Stephen Tall is the Co-Editor of LibDem Voice.
Phew. I’m smiling as I write this. Why? Because, by my reckoning, it’s fully five days since there was last a Liberal Democrat sex scandal on a newspaper front page.
Of course, it’s always possible that between Monday (my copy deadline) and Tuesday (publication day) something will happen. Perhaps the truth about the simmering “bromance” between Nick Clegg and Peter Bone will finally come out (if you ask me, they’re trying a bit too hard to act like they’re not in love). But maybe, just maybe, my party will get a few days’ respite from either being ripped to shreds by the media or (doing their job for them) tearing ourselves apart in public.
It’s been a bloody fortnight. Chris Rennard isn’t a household name to most, but to Lib Dems he is – or used to be – regarded as Peter Mandelson, Lynton Crosby, Philip Gould and Lord Ashcroft all rolled into one.
It’s easy to explain why. In the summer of 1990, the Lib Dems were struggling for survival, polling at 4-8 per cent. (However grim things may seem today, they have nothing on how dire the party’s (mis)fortunes actually were then). Then a by-election arose, in tragic circumstances, when Ian Gow, the Conservative MP Eastbourne, was killed by the IRA. Paddy Ashdown thought the Lib Dems should, out of statesmanlike solidarity, sit it out. His 30 year-old director of campaigns disagreed, strongly: “I am appalled that you were thinking of issuing a statement without consulting the person responsible for organizing the party’s by-election campaigns, i.e. me”. The Lib Dems won on a swing of 20 per cent, a Tory defeat which presaged Margaret Thatcher’s downfall. That Ashdown is the single most important figure in the party’s modern history is largely thanks to Rennard.
Almost one-quarter of a century later, the man who built up the Lib Dems is, like Shelley’s Ozymandias, threatening to tear it down (or, at any rate, his allies are), according to The Sunday Times: “The Liberal Democrat peer at the centre of a sexual harassment scandal could expose two decades of sex scandals in the party if Clegg “goes nuclear” and tries to expel him, say his friends.” “Look on his works, ye Mighty, and despair!”, they didn’t add.
What could Clegg have done to prevent all this? If we could rewind the clock to 2008, the answer would be simple. When allegations first surfaced against Lord Rennard, who was then still chief executive, the party should have taken them far more seriously and launched a proper investigation. But Clegg, less than 18 months into the job, pre-occupied with many other worrisome priorities, and eager to avoid a messy confrontation with Rennard, tried to keep a safe distance. For a while it worked. None of the women making the allegations went public, while Rennard himself – whose position had been weakened by allegations about his expenses as a peer – was eased out of his role in 2009. As Clegg put it a year ago on LBC: “I felt it was time for a change at the top of the professional party. His health was poor and that was the immediate reason he left but of course these things were in the background.”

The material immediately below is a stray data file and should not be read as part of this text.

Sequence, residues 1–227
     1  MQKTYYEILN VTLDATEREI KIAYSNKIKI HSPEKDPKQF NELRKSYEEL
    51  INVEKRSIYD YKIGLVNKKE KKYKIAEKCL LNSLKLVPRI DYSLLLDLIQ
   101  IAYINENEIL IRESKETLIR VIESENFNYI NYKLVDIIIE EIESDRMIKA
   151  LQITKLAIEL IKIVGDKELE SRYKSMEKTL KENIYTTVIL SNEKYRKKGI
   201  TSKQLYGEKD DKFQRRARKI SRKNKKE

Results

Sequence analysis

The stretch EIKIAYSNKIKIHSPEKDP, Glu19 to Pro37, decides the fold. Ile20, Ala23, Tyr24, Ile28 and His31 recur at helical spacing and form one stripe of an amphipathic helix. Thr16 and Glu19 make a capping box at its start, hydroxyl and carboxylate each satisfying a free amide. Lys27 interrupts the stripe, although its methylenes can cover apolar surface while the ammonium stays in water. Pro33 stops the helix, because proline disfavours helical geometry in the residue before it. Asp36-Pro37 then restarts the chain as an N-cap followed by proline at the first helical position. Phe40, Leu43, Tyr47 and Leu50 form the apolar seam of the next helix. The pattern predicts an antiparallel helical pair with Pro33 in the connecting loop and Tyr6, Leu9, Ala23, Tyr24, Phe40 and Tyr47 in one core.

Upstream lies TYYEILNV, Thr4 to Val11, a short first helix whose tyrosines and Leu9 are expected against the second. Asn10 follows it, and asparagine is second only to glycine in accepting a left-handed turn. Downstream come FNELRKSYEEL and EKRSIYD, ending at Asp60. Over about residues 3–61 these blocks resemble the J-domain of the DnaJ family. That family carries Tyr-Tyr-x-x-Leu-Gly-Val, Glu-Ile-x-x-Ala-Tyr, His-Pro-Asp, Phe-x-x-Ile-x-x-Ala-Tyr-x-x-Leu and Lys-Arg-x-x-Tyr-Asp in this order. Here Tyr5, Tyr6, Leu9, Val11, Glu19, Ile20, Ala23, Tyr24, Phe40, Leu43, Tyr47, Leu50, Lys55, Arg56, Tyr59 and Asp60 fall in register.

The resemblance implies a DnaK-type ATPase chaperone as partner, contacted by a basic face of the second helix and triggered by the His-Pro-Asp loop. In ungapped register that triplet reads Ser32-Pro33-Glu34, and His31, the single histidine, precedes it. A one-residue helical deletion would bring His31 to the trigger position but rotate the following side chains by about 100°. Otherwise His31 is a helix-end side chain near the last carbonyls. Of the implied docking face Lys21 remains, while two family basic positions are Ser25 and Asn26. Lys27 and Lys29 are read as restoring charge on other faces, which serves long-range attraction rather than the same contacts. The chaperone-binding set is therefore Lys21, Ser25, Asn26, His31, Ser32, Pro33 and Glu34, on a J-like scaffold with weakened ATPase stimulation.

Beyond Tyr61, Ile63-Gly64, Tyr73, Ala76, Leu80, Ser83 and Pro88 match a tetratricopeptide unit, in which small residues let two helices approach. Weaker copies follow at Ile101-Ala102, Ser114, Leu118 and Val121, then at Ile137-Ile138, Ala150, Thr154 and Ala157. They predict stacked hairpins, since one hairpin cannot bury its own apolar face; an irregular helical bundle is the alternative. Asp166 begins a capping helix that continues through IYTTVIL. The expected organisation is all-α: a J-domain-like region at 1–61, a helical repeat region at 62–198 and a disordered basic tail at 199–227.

Ironically, though, the moment Rennard ceased to be party chief executive and became just another party member was when the allegations became far more problematic for Clegg. As an employee, the allegations of sexual impropriety would have needed to pass only the civil court test of being credible on the balance of probabilities. As a party member, they had to meet the criminal court threshold and be proven beyond reasonable doubt before any disciplinary action could be taken. With Rennard disputing the claims on the one side, and the women standing firm by their evidence on the other, Clegg has ended up as the rope in a bruising tug-of-war, pulled in both directiond.
To commentators and (I suspect) the public, Clegg appears weak, a ditherer. “Why not take immediate action?” they demand. Strip Rennard of the Lib Dem whip and suspend his party membership, goes up the cry. As yet, though, Rennard has not been charged with any offence, nor found guilty of one. And Clegg is right when he points out, “I am leader of a political party, not a sect.” The Lib Dem parliamentary party in the Lords holds the ultimate sanction of banishing one of their number, and they don’t take kindly to upstart leaders trampling on their rights. As for suspending party membership, well, there are good reasons to be suspicious of political leaders looking to grab that particular power for themselves. As David Howarth, the former former Lib Dem MP, acerbically notes: “Those of us who spent a lifetime in politics not doing what party leaders wanted us to do should be asking ourselves what this means. Are we in a political party any more, or are we in a fan club?”
It would all be much easier if Clegg were leader of the Conservatives. (Go on: hold that picture, I dare you.) In 2005, Michael Howard sacked Howard Flight – not just as the party’s deputy chairman but also as an MP – for suggesting that, if elected, the party would aim for bigger tax cuts than they were promising. In doing so, the Conservative leader went over the heads of Flight’s own constituency party, threatening Arundel and South Downs Conservative association with suspension if they stood by their man. You want the smack of firm leadership? That’s where it leads.
Besides, the Lib Dems’ internal democracy may make the party leader look weak now, but in the event of a second hung parliament it will be Clegg who’s the stronger for it. He will be able to look either David Cameron or Ed Miliband squarely in the face – if the Tory leader wants to scrap the Human Rights Act or if the Labour leader wants to re-introduce ID Cards – and say to them during coalition negotiations, “Up with this my members will not put.” Leaders should lead, yes. But they can only do so effectively if we’ve got their back.